While the courts still retain their discretion to determine financial provision on a divorce, recent decisions show that they are now willing to give effect to pre- and post-nuptial agreements to the extent they consider it would be fair to do so. Consequently, although one does not want to think about marriage not having a happy ending, it is prudent to do so.

Moreover, given recent consultation papers, it is likely that the status of such agreements will be bolstered further in the future, to the extent that they may well be regarded as binding by the courts. This would be significant.

Take advice on different structures to house your wealth 
Trusts, family partnerships and family investment companies allow you to house your wealth in order to maximise wealth protection opportunities and preserve assets over the long term. Where substantial wealth is concerned, you are never too young to consider reducing the value of your estate for IHT purposes by making gifts to your children. However, while your children are too young to manage large funds themselves, it could be appropriate to create a vehicle, such as a trust, to hold assets on their behalf.  Holding assets in such vehicles can help protect those assets from third party claims and depletion by young or unwise beneficiaries.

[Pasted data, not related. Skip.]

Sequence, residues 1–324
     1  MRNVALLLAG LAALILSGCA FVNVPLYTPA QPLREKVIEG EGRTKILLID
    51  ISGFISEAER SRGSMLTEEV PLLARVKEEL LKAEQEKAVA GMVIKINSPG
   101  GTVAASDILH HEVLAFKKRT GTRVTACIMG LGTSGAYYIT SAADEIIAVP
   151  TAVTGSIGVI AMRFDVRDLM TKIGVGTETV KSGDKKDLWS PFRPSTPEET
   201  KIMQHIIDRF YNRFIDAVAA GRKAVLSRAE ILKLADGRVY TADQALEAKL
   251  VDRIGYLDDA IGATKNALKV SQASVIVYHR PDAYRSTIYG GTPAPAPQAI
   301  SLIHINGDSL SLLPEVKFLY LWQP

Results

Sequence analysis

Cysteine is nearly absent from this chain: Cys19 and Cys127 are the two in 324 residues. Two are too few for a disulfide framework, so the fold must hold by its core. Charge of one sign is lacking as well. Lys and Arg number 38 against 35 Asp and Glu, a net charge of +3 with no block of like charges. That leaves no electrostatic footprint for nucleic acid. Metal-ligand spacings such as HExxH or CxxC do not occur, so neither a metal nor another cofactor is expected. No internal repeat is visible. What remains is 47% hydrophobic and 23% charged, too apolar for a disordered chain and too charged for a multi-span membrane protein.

Starting again? Plan the structure of your new business ventures
Going forwards, businesses should be structured through a vehicle which offers limited liability (such as a limited liability company or limited liability partnership) in order to protect your personal assets from claims by any creditors of the new business.

Structuring the ownership of new business ventures appropriately from the outset can also be an effective way of reducing a future IHT liability. For example, when setting up a new venture you may wish to put some of the shares directly into a trust for your children rather than retaining all the shares in your name.  Any growth in the assets and/or the sale proceeds are then under the shelter of the trust and no longer form part of your estate for IHT purposes.     

If you tell your professional adviser about your plans and timelines for a future exit from the business, they will be able to guide you as to how best to structure your exit to maximise any tax opportunities available.

Make lasting powers of attorney 
Under a Lasting Power of Attorney (LPA) you can grant someone the power to make financial or health decisions on your behalf if, at any time, you are no longer able to do so yourself (whether through illness, injury or other condition which might affect your mental capacity).

If you do not have any LPA in place and you become unable to deal with your affairs, your assets will be frozen and someone will have to make an application to the court to make financial decisions on your behalf. This can be a costly and time-consuming process, and means that you have no control over who accesses your investments, real estate and who makes decisions.